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5 questions great leaders say “Yes” to

Let us open this by asking you a simple question; who’s the best boss you’ve ever worked for?

Chances are, your mind goes back to one person who shaped your career, or your world view, or equipped you with a mindset or skill that proved invaluable and memorable. 

If you’re particularly lucky, you’ll have multiple role models like this in your professional journey. But how do you ensure that you’re that kind of leader to someone looking to you for inspiration?

Excellent question. Speaking of which, here are 5 questions we have for you. And if you can truthfully say “yes” to all of them, you’re a better leader and boss than most people you’ll run into. 

Because wouldn’t it be great if someone upheld you as their shining example of a boss they look up to?

Can you sum up your organisational mission in a single sentence?

No matter how big or small your company is, everyone is drawn to a mission with a passion, a greater cause that they can rally around. Tim Cook joined a nearly Bankrupt Apple, all because Steve Jobs told him he “wanted to change the world”. That might sound clichéd today, but it was trailblazing back in the day, when leaders focused purely on revenues, bottom lines, growth, and share earnings.  

What is the greater cause your organisation serves? If you can’t sum that up in one compelling sentence, focus on getting this piece of the puzzle right.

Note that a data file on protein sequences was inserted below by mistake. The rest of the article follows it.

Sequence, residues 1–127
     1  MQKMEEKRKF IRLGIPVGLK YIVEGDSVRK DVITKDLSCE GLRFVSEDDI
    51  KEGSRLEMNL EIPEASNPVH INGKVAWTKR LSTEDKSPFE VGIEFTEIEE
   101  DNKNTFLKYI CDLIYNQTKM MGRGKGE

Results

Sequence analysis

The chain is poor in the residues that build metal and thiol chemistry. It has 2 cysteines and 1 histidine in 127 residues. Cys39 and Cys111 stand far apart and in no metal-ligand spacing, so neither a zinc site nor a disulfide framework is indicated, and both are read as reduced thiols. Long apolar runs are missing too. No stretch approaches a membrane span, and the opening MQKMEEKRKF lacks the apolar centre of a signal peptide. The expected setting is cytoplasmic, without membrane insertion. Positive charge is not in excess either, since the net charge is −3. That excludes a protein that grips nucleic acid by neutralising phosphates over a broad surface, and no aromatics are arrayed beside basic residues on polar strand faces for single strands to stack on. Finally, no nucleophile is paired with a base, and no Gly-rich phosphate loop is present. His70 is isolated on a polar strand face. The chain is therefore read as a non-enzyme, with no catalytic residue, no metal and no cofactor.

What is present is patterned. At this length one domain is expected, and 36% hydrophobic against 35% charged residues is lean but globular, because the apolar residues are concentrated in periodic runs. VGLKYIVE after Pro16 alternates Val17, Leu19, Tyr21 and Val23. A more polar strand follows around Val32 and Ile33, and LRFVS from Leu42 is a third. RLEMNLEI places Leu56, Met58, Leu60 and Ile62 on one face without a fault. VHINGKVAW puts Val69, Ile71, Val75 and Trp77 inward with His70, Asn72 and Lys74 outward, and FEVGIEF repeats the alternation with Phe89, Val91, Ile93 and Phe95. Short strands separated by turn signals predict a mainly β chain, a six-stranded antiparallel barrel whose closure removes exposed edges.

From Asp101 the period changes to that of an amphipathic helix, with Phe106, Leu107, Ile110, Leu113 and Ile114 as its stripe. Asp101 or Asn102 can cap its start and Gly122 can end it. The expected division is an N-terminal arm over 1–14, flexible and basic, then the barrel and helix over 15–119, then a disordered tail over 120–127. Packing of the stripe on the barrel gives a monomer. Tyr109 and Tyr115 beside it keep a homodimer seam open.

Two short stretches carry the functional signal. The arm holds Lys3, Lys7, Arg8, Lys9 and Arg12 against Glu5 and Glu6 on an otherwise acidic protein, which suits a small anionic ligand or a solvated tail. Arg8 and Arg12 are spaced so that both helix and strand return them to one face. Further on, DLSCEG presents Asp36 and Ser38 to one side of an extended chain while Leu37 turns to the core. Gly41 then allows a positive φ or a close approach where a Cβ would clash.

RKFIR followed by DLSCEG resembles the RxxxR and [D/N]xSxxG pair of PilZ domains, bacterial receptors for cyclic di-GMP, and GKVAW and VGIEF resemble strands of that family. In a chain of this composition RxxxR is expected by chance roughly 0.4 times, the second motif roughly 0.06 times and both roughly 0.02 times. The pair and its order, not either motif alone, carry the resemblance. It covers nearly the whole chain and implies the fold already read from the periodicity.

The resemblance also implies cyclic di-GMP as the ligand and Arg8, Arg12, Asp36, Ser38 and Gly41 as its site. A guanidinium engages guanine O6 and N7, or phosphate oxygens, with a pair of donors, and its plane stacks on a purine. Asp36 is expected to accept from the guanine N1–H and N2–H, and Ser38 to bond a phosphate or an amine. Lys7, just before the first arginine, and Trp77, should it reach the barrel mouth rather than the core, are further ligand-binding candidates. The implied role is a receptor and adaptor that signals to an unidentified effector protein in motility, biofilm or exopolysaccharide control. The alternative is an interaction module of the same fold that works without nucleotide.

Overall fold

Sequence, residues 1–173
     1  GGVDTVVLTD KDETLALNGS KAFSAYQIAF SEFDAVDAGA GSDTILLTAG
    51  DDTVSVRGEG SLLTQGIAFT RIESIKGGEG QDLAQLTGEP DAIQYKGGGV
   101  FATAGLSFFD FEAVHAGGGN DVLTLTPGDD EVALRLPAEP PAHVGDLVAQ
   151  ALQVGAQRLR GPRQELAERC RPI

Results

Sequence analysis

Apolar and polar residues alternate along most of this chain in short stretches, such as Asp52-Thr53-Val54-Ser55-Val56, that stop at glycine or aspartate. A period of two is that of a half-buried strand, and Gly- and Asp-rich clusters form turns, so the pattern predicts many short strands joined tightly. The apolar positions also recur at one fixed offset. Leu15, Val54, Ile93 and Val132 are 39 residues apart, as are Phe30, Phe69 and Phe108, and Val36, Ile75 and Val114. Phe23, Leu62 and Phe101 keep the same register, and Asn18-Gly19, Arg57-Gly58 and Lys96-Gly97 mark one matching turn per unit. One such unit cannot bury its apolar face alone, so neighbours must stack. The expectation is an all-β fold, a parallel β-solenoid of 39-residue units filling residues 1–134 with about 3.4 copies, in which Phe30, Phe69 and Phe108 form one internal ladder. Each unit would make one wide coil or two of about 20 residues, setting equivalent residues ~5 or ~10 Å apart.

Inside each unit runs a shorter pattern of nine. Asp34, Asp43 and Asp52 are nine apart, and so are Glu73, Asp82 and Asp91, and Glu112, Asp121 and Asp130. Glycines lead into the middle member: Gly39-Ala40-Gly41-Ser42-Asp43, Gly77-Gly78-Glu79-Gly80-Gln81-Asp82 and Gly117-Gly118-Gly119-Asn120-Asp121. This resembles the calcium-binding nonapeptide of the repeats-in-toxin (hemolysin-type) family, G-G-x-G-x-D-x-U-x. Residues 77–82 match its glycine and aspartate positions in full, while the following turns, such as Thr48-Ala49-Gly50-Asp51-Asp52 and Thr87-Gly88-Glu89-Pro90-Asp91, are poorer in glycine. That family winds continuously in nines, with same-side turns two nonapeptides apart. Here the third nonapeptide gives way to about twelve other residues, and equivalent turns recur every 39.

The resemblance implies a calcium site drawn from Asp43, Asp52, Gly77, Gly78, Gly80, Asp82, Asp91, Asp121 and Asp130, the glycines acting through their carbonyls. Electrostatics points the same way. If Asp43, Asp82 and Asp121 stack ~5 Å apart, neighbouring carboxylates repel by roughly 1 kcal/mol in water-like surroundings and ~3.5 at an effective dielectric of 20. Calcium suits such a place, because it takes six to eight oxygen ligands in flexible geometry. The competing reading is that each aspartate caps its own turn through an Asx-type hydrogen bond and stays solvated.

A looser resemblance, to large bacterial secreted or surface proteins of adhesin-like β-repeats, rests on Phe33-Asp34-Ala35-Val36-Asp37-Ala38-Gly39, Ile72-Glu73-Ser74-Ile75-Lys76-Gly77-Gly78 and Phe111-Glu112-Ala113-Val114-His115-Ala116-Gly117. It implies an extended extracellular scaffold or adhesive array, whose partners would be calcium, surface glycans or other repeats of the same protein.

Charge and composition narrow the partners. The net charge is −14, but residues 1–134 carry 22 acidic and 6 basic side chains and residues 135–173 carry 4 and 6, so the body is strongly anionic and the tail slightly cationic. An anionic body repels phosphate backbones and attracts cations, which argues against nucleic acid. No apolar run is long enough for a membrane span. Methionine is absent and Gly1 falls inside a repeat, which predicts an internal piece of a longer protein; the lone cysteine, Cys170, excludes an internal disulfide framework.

Do you express your appreciation and gratitude freely?

Sure, everyone works for a pay check. Sure, everyone likes to see the bonus roll in like clockwork. 

But beyond money, people and teams want to be appreciated, recognised, and thanked for their work. And as the boss, you’re in q unique position to set the tone for that. 

And thank you for reading this up until now. You are appreciated.

Are you punctual?

People’s time is worth something, more than money. I’m certain you’ve sat through a meeting, or a phone call where you know a quick e-mail would have sufficed, or you’re all waiting for someone to join so you can get a move on. 

That’s because time is precious. If you live to be 90, you have about 700,000 hours on the face of this big blue rock of ours. When you spend about half of that working, you really want your time to be valued and respected. If the meeting can be an e-mail or WhatsApp/Teams/Slack message, then by all means do so.

Are you aware of the power of the spoken word? Your words?

Communication is a powerful skill, wielded with great effect by some of the best leaders on the face of the planet. And it’s not just what you say, but what you leave unsaid. Think of Andi Owens, CEO of MillerKnoll, who thought she was offering rousing inspiration when she asked her team members to ‘leave pity city’, but instead angered them, and at least 69% of the internet in doing so. 

Think before you speak. Words are powerful.

Two ways to improve this: Think through what you want to say, while being mindful of what you leave unsaid too.

Do you admit to your mistakes?

Merely admitting to your mistakes and failings are not enough. It’s about striking the right balance between being humble and demonstrating resilience to power through.

Sometimes, you have to just stay focused, and at others you have to cut your losses. The art is knowing when to adopt which tactic. It’s a fine tightrope to tread, but one that the best leaders manage to do so gracefully. 

Karan Karayi
Karan Karayi
A part-time car enthusiast and full-time food aficionado, Karan is forever chasing his next big creative thrill. He also doesn’t enjoy writing in third-person.

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